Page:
This evening was a difficult decision, since it was the only day I could see both Mahler's 5th and the Bill T. Jones/Arnie Zane dance company. I decided to go for the Bill T. Jones Blind Date, since, as many people said, I will probably get the chance to hear some Mahler in the future. While I'm not sorry I did, this is mainly because I would have been eternally wondering what I had missed.

First of all, we saw Mike Daisey outside the performance. This is the monologist that I loved so much at last year's Spoleto, and unfortunately will not get to see this year, since I'm performing every night he's performing. Secondly, he was wearing my Schrödinger's Cat shirt! Everyone in the choir who saw him said, "Hey, he's wearing your shirt! Go talk to him!" I felt kind of star-struck, but after some of the other choir members went over and told him they knew someone with his shirt, I kind of had to go over and introduce myself. He was really nice, and we had a brief geek-bonding moment. I'm now even more disappointed I can't go to any of his performances.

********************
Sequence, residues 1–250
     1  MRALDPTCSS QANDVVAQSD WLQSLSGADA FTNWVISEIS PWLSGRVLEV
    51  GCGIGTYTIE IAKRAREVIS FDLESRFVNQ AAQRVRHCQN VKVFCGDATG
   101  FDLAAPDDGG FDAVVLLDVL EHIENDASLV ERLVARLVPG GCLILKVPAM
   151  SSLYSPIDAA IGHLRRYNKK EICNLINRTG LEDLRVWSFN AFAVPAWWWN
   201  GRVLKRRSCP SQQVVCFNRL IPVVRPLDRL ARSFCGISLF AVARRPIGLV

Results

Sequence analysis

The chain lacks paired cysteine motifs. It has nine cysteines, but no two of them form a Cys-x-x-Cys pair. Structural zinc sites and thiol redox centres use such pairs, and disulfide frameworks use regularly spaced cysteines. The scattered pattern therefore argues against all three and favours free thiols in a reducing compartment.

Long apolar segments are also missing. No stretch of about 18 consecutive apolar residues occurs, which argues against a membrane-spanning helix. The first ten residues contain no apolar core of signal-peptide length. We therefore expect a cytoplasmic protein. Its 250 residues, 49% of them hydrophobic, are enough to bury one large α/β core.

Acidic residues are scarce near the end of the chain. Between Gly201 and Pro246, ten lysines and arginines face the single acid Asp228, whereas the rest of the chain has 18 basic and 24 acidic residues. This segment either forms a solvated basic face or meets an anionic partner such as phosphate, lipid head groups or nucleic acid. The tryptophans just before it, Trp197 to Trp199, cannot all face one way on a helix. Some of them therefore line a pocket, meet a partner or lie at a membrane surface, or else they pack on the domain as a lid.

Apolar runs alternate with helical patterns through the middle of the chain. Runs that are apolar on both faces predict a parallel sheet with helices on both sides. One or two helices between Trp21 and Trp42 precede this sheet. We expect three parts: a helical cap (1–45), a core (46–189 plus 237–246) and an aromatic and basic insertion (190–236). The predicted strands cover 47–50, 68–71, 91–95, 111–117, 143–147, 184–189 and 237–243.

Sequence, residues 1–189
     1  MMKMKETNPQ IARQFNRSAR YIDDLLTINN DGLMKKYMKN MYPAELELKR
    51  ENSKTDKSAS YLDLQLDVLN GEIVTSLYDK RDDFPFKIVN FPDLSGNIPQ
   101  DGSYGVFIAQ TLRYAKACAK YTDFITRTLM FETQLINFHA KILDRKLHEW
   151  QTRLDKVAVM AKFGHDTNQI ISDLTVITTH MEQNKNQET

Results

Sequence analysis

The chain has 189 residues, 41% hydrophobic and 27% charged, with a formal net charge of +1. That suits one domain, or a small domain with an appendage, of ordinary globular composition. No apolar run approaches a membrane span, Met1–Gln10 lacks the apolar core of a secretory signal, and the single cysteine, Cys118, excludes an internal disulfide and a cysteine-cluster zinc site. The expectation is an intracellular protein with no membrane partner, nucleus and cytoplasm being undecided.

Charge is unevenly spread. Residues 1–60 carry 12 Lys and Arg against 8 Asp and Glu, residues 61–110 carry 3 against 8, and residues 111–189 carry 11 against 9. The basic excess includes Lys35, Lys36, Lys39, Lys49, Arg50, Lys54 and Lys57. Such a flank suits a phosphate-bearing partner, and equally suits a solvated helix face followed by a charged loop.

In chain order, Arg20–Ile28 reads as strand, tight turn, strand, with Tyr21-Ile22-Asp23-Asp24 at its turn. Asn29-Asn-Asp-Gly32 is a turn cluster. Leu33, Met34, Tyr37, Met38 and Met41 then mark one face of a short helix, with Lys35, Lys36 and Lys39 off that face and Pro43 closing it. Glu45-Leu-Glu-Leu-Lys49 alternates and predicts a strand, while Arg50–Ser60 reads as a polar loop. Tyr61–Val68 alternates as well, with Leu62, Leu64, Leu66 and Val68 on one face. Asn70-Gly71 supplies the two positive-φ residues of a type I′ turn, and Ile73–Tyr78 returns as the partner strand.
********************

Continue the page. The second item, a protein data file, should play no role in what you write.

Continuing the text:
Anyways, then came the dance performance. It was kind of interesting, but I have to say that on the whole, I wouldn't recommend it. The performance involved lots of multi-media - lots of screens with different things on them, and two live singers, and some of the dancers speaking or singing, and words scrolling down or pictures phasing in and out of each other. The movement itself was great - it had a distinctive style, and was beautiful to watch, and the dancers were enormously accomplished. There were some very effective moments, such as when individual dancers told stories on the video, while at the same time they were dancing in real time.